The most dangerous attack vector in cyber security today is a phishing attack. Phishing has been named as the key element in almost every social engineering attack, it has been tied to both the Sony and Target breaches, and it has played a major role in other major and minor attacks on various brands and organizations.
Researchers at the University of Buffalo conducted a study using "information-rich" phishing emails. These are emails equipped with logos and graphics recognizable to the recipients as well as carefully crafted text to sound both personal and fear-invoking, with a deadline included to drive an action. The following quote describes the emails:
The phishing email was made to look like it came from the University's IT department, and said that there was an error in their student email account settings. They were asked to follow an enclosed link to access their account settings in order to solve the problem, and were instructed to do it fast, as access to their account would be permanently blocked shortly.
The study found that 68% of the 125 students tested fell for the ruse. Considering these tactics have led to some of the most audacious security breaches of our time, this isn't surprising.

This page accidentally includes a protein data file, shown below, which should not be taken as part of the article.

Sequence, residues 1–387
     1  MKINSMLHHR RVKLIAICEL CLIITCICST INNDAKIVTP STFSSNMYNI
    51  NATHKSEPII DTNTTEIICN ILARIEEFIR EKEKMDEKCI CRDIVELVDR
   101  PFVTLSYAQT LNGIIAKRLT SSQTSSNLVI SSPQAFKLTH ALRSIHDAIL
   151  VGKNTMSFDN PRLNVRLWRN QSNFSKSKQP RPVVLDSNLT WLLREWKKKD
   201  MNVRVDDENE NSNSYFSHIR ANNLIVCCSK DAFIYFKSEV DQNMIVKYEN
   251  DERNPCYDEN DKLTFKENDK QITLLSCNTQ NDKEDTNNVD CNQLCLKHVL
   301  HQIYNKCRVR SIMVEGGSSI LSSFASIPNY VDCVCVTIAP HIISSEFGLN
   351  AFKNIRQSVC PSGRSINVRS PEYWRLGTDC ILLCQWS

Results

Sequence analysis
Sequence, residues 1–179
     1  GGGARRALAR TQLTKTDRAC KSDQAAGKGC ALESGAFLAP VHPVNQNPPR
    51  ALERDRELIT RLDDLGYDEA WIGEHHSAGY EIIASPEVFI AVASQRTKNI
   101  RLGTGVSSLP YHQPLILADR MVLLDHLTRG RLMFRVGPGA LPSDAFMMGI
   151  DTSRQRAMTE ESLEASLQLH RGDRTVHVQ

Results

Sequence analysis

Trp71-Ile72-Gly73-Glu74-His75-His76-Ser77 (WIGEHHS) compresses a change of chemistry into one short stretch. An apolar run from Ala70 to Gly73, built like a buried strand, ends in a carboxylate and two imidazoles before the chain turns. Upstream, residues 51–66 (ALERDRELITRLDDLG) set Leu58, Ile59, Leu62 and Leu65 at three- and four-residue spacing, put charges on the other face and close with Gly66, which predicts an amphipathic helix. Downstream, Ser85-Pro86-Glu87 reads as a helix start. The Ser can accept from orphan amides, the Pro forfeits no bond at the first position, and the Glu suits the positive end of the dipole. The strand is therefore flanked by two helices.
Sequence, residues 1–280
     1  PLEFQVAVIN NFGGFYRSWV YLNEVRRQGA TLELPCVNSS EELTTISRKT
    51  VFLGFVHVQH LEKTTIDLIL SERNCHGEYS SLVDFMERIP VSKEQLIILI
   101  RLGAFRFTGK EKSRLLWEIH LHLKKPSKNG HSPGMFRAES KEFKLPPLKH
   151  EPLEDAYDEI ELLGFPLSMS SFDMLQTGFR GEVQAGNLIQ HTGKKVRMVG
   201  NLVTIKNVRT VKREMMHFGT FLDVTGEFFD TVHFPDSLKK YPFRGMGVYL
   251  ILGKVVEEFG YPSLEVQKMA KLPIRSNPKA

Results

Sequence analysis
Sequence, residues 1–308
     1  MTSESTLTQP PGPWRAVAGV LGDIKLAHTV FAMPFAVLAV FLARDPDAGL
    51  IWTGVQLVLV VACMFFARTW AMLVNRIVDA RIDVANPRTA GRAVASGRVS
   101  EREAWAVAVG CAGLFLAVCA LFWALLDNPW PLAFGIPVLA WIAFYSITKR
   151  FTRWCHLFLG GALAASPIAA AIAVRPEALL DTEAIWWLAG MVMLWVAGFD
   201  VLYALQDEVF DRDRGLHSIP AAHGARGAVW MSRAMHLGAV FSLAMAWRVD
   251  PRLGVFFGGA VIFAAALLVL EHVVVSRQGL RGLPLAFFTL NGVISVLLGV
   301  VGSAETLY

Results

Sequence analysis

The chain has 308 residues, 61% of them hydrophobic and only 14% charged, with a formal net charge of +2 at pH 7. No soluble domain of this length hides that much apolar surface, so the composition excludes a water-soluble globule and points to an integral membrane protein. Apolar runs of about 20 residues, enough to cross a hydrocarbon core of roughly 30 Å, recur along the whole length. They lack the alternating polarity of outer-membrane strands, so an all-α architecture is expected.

The critical aspect in all social engineering scams is that the intended victim believes the scammer to be legitimate. It's very common to see recognizable logos or trademarks, as well as well crafted text, in phishing emails. Even if you're relatively well informed, it's not always easy to tell the difference.
The result has been high-profile breaches--like in the cases of Target and Sony--that all started with a phishing email. Verizon's 2014 breach report states that phishing accounts for 67% of breaches.
Awareness and proper training are important aspects of combating this issue. There are also technologies that help to screen files contained within emails.
Another addition to the fight on phishing attacks is the ability to track the actual URLs that are typically used. In most cases, phishing emails contain URLs that either host exploits or spurious web forms designed to entice users to volunteer credentials.
The key to this strategy is to begin to map out the infrastructure associated with phishing campaigns and to set up blocks that can prevent further infection.
The fact is that phishing is still a preferred way to steal credentials. A phishing scam will look like it was sent by someone inside your organization and it will request a reasonable action. This also leaves a signature that can be successfully detected, which is the basis for RiskIQ's anti-phishing technology. RiskIQ offers a dashboard to monitor global phishing activity and detection of phishing sites targeting your brand and your customers. This provides another way to lower the amount of possible attack vectors and increase your resilience to devastating attacks.